CAFC Judge Regrets Decisions That Resulted In Software Patents

from the so-many-regrets dept

As the Court of Appeals for the Federal Circuit (CAFC) is considering the Bilski case, where it may finally push back on software and business model patents, it's interesting to hear one of CAFC's judges admit that he was "troubled by the unintended consequences" of the lawsuits (State Street and AT&T) that resulted in software and business model patents being effectively allowed. While it's nice to see Judge Plager worried about this now (just as the CAFC may finally change it), it's a bit of a stretch to claim that the consequences were somehow unintended. There was plenty of discussion around the time of the State Street case concerning what the end result would be if these types of patents were allowed. It's just that too many people seem to think that a change that increases patent coverage couldn't possibly have a negative impact -- despite tons of evidence to the contrary. Hopefully the next time an effort is underway to widen or strengthen patent law, people will look at what a disaster the past four years have been and recognize that expanding patentability is not something that should be done lightly.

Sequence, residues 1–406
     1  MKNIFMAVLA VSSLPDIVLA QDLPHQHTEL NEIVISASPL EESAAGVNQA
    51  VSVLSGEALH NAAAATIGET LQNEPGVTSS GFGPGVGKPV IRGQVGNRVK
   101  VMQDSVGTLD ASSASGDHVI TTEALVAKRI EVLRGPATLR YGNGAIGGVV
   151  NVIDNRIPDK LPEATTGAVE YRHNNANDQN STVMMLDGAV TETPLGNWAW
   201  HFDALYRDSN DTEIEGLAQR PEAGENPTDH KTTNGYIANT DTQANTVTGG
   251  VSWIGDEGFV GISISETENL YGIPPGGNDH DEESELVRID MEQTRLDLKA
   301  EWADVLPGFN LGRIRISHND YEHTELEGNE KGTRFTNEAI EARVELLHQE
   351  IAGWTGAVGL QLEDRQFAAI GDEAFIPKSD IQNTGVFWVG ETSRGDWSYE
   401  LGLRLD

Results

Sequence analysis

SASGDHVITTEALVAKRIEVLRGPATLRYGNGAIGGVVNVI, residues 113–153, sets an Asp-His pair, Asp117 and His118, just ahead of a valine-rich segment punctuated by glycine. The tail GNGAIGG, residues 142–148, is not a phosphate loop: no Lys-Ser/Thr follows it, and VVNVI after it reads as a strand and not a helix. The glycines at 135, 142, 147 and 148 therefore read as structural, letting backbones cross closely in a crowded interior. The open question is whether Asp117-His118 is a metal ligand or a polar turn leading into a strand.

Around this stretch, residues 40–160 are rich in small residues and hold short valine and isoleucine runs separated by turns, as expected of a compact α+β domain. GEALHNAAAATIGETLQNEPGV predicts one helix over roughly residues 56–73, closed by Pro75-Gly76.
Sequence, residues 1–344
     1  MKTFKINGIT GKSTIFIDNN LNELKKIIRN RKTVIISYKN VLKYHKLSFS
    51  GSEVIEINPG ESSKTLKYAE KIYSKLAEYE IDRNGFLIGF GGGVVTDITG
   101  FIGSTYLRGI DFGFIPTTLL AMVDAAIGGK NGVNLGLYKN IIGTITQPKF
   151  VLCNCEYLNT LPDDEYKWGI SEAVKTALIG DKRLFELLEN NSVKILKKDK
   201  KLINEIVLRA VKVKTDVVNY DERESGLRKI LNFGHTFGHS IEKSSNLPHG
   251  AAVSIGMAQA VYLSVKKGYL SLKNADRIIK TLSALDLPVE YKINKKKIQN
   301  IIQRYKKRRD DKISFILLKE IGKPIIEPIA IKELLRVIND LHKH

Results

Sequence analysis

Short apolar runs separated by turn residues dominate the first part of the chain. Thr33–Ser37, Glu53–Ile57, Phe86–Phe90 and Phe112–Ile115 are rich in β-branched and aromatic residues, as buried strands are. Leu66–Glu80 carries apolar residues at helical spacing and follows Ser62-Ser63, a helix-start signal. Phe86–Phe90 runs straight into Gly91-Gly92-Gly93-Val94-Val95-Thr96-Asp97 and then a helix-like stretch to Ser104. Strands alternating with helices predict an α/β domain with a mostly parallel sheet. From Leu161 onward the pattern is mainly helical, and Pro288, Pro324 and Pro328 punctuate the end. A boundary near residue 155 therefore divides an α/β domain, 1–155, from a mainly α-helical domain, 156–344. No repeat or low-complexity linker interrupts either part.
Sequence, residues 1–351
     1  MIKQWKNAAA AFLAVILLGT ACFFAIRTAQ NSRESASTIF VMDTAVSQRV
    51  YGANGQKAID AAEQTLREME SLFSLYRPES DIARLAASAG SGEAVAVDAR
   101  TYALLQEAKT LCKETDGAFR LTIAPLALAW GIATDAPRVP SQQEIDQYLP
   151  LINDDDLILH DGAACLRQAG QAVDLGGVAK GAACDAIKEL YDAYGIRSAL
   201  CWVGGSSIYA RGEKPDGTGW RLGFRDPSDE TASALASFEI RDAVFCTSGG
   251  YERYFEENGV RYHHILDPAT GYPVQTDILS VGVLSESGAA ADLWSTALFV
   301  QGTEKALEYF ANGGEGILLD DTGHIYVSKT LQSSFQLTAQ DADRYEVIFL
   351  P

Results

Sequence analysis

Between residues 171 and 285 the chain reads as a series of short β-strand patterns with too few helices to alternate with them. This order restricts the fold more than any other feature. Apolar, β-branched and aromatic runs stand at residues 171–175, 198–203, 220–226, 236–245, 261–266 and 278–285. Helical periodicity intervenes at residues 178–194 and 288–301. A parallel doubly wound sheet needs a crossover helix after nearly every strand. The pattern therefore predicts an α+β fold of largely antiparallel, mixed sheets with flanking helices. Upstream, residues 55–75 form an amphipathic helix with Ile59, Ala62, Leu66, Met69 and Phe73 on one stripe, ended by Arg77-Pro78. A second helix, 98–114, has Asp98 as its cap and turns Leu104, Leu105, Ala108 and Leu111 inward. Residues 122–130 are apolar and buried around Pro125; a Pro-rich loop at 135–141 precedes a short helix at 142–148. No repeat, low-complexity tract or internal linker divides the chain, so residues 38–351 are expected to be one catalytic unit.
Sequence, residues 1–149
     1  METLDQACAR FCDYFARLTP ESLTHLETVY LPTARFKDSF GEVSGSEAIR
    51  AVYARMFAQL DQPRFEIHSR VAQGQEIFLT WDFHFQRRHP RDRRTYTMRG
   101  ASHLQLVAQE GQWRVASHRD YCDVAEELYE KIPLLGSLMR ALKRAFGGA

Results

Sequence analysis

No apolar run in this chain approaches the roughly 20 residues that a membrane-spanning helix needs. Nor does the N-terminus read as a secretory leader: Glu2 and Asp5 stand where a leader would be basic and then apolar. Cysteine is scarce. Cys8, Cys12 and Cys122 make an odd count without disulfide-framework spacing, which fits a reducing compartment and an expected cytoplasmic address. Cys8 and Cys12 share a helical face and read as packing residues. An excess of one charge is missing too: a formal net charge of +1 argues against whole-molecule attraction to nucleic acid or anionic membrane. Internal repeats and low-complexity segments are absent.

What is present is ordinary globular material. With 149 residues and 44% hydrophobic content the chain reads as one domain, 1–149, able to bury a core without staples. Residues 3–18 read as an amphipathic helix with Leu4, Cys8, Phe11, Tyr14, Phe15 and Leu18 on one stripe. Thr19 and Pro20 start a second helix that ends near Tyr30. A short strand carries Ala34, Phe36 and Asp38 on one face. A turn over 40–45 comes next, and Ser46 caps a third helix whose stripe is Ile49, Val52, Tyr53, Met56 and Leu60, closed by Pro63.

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  1. identicon
    Joseph Wills, 29 Jul 2008 @ 1:09pm

    Re: Re:

    Doing away with the ability to patent software would absolutely limit the number of people who continued designing new programs . . .

    As a software developer for over 25 years, I have to disagree with you there, bucko. You obviously don't work in the commercial software field. I've worked for a number of commercial software companies, and patenting software was never even a consideration. That is, until Amazon came along.

    . . . it is IMPOSSIBLE to show evidence of what they prevented someone from coming up with . . .

    That's not the argument, so please stop arguing that point. Nobody said anything about "preventing" someone from coming up with something. But it does block the innovation of using something obvious (that was nevertheless granted a patent) in conjunction with some other idea. For proof, see NTP vs RIM.

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